“Is it all right to study religion homework on Sunday?” New Era, Nov. 1972, 19
Answer/Ben E. Lewis
During the years I served as a stake president, this question was frequently put to me by young people who were concerned about what they should or should not do on the Sabbath day. Many were former BYU students; others were seminary students.
My thoughts turn to the experience Jesus had when he was confronted with this kind of question from those who sought to discredit him and his disciples by charging a violation of the Sabbath day law. Jesus raised this question, “Is it lawful to do good on the sabbath days, or to do evil? to save life, or to kill?” (Mark 3:4.) In response to his own question, he healed the man who had a withered hand.
Sometimes we tend to emphasize the things that should not be done on the Sabbath day, failing to recognize the positive approach taken by Jesus who, as Lord of the Sabbath, stressed that this was a holy day, a day for rejoicing and giving special consideration to the things of the Lord.
It was he who declared through revelation that the way to keep oneself unspotted from the world was to go to the house of prayer on his holy day, the Sabbath. This kind of promise places top priority on attendance at our Church meetings on Sunday. The revelation continues: “For verily this is a day appointed unto you to rest from your labors, and to pay thy devotions unto the Most High.” (D&C 59:10.)
What are some of the ways to pay devotion to our Father in heaven? We have all been grateful for the increased emphasis that our Church leaders have put on strengthening the home. They have encouraged us to make the home a house of prayer along with our chapels. Home is where we live together, where we pray together, and where we study together.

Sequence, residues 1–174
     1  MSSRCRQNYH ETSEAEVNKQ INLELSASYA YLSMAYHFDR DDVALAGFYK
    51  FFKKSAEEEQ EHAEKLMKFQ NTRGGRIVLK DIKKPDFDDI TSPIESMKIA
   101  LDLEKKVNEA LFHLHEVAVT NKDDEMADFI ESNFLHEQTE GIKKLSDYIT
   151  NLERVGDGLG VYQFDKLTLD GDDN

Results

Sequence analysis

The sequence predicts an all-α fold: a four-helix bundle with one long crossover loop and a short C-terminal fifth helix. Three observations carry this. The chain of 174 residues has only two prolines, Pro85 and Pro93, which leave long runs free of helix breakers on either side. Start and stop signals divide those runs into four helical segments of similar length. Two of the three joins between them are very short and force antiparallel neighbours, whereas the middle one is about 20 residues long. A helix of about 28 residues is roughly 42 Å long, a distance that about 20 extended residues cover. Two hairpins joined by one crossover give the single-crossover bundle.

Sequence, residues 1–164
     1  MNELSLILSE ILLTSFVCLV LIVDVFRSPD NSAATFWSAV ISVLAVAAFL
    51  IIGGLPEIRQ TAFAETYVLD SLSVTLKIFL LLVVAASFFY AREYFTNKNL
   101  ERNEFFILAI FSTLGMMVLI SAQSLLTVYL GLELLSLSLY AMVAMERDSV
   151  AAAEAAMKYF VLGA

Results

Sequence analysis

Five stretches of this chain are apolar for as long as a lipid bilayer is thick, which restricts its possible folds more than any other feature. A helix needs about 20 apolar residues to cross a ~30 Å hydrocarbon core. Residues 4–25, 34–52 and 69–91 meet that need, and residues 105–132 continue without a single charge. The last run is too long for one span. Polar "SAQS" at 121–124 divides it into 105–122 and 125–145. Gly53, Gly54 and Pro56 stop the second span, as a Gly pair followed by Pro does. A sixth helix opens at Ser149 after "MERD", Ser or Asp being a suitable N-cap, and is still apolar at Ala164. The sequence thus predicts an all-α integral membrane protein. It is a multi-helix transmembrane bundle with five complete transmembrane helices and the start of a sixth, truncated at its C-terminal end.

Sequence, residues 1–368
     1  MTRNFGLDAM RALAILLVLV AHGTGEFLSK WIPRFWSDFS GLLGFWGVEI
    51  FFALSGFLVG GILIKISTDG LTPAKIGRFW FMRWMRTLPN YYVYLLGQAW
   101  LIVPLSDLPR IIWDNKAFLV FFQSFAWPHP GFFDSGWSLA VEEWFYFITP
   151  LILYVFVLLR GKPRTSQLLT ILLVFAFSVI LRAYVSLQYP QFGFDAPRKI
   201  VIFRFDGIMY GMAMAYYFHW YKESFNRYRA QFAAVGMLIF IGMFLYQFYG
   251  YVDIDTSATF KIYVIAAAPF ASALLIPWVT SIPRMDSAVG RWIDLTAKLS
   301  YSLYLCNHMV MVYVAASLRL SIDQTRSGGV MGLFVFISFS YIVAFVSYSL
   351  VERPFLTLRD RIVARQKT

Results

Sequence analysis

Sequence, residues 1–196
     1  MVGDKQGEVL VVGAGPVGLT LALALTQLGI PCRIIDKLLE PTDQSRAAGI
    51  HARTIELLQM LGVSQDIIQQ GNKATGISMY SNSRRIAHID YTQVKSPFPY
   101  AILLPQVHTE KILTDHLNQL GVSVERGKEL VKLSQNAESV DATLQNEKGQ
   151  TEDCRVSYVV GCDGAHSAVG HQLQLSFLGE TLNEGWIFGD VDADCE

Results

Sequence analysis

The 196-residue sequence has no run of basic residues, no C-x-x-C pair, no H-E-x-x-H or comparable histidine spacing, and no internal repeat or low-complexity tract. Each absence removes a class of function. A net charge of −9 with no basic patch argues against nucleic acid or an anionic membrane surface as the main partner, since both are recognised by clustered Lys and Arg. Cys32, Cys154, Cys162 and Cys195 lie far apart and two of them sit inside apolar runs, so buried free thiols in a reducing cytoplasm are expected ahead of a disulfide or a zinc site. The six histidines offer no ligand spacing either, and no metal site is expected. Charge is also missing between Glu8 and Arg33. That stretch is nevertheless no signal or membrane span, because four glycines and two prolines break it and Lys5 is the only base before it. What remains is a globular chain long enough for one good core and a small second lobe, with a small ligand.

One of the great blessings in our home is the privilege we have of reading the scriptures together; we often do this on Sunday afternoons after we have eaten and before we return to Church for sacrament meeting. If there is time, I often use these moments to prepare a Sunday School lesson or a talk for Church.
This brings us to the question, should I do religion homework on Sunday? My answer would be yes, but only after we have filled our responsibility to attend our Church services and taken care of our Church assignments for that day. There are undoubtedly some persons who may not agree with this and who have a rule against any kind of homework on Sunday. If this is the rule of your home, it should be accepted and obeyed.
In a conference address in October 1949, President J. Reuben Clark spoke on this subject. He said, “The Lord has told us what we may do in the house of prayer, and what we may do in the house of prayer we may do, I take it, in our homes. We may seek learning. We may read good books. We may acquaint ourselves with languages, tongues and people. … I think we may listen to good music in the home. …”
A number of years ago I had occasion to attend a convention in Chicago where the speaker welcomed us to the great city of Chicago. After praising its many qualities, he went on to say, “Many of you may have heard bad things about Chicago, that it’s full of gangsters, killings, slums, ghettos, crimes of every sort. Don’t you believe it. Why, I’ve lived in Chicago now for nearly fifty years. I’ve walked alone down the streets late at night, and, let me tell you, no one has shot me yet. Let me give you a tip: whenever you are in Chicago, if you’re where you’re supposed to be, at the time you are supposed to be there, and doing the things you are supposed to, you’ll never get in trouble in Chicago.”
We can apply this same kind of formula when it comes to making decisions as to what we may or may not do on the Sabbath. If on this day we are where we are supposed to be, doing what we are supposed to be doing, at the time we are supposed to, then we’re not likely to have trouble making the right decisions as to what we may or may not do on Sunday. And this should enhance our appreciation and understanding of what Jesus had in mind when he said, “The sabbath was made for man, and not man for the sabbath.” (Mark 2:27.)